Around this time is when wine and motherhood began to go hand-in-hand. I’d always enjoyed having drinks socially, but now, it seemed acceptable to end each day with a glass of wine. We deserve it, right? At least, that’s the message that became plastered all over social media. No plans were made without wine being mentioned. 

In fact, keeping in touch has come to sending a text here and there or a message over social media. We don’t call one another anymore. So, when we some someone in person, it’s almost like we forget how to be social beings. A part of me wonders, is wine a part of all gatherings because the art of conversation has been lost so we feel the need for alcohol to “loosen up”?

Businesses capitalized on this: Paint and sip, shop and sip, plant and sip. Why did the focus shift from connecting with friends, family and spouses to adding alcohol to every possible event imaginable?

I followed the trend until it made me sick. I want to be clear that I am not blaming the glorification of booze for my risky routine. Wine memes didn’t pop a top and pour rosè down my throat. But there’s this phase of motherhood I think we all experience that is sort of like that awkward phase as a kid when you just want to do what everyone else is doing, no matter how you were raised, where you live, how many friends you have or what your interests are. Standing out can be scary. 

More recently, this routine made it back into my life. I kept blaming weight gain and exhaustion and mood swings on having another baby last year, but that was only part of it. As someone who was always “thin” and valued a healthy diet and exercise, I was ignoring the massive caloric intake from wine o’clock. And it makes sense when you consider this: Let’s say you have two glasses of wine, four times a week; at 150 calories per 6-ounce glass, that equates to 1,200 calories a week, or 62,400 calories a year... which equals 17.8 new pounds added to your body.

After considering these numbers, I took pictures of myself in a bikini. What a wake-up call. It’s not the extra pounds that necessarily shocked me as much as it was that I’ve neglected to put my health first for so many months. For me, taking on the mindset of treating my body with respect is what really helped shift my end-of-the-day wine habit.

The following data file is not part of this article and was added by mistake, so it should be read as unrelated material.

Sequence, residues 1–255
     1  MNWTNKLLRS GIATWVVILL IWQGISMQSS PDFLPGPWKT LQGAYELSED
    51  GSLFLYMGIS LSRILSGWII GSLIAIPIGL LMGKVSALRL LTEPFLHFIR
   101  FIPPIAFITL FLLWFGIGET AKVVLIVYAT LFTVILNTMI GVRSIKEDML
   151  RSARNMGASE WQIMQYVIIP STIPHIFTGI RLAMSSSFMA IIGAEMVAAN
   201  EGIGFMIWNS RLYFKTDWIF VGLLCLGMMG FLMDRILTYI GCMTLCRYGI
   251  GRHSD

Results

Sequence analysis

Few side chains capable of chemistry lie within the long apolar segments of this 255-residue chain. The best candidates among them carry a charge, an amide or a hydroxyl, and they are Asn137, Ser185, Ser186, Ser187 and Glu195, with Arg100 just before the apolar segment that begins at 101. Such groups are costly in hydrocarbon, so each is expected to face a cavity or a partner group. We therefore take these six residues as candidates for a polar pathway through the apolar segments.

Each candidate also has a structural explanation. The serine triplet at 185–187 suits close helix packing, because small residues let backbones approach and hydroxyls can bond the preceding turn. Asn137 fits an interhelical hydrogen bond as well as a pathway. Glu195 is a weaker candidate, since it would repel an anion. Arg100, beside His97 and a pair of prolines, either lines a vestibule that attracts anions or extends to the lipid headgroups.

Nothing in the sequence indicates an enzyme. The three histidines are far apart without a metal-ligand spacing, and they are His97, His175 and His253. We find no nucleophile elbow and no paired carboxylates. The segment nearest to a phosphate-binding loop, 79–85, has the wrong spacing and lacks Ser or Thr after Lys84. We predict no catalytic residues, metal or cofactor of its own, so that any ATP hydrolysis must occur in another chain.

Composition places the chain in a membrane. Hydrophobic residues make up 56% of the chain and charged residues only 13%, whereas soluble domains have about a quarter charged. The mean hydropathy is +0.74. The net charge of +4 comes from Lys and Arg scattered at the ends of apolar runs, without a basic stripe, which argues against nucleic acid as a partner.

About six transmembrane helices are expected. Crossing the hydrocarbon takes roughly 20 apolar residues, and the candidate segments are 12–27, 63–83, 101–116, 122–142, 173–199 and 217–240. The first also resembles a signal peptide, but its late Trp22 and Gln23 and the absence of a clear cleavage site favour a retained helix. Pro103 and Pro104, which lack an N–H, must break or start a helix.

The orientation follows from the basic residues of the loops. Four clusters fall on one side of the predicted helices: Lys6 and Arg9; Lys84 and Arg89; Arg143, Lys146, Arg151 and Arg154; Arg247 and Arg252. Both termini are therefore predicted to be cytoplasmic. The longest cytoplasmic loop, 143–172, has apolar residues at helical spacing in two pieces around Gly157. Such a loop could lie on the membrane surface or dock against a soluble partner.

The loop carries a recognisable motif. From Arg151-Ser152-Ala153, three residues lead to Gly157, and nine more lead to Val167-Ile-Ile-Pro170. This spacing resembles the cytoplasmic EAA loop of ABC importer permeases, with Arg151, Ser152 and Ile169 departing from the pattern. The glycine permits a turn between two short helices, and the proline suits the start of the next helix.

“You see, alcohol energy can’t be used for physical energy or metabolic function; it all converts to sugar and is stored as fat, especially as we age,” says Trattner.

To “replace” the wine, I started drinking various flavored sparkling water and also made my own infused water. Keeping the focus on health, I researched the benefits of each fruit, veggie, or herb I was using to keep me on track. I’ve also found it beneficial to have an activity planned for the time that I usually pour my first glass of wine, like a walk around the neighborhood with my family or a yoga class. I also trained myself to not think about the evenings as chaos (homework check, dinner, calculating carbs for my type 1 diabetic, helping with insulin administration, getting baby ready for bed, and so on), but as a celebration of another day. 

Dinners have become more elaborate — not because I have the time and energy for it, but because I have learned to appreciate every single thing that goes into my body.

This post was written by Erinne Magee, a freelance writer in Maine. Her work has been published by The Washington Post, Playboy, Boston Globe, Prevention Magazine, New York Magazine, Men's Journal,Teen Vogue, and more.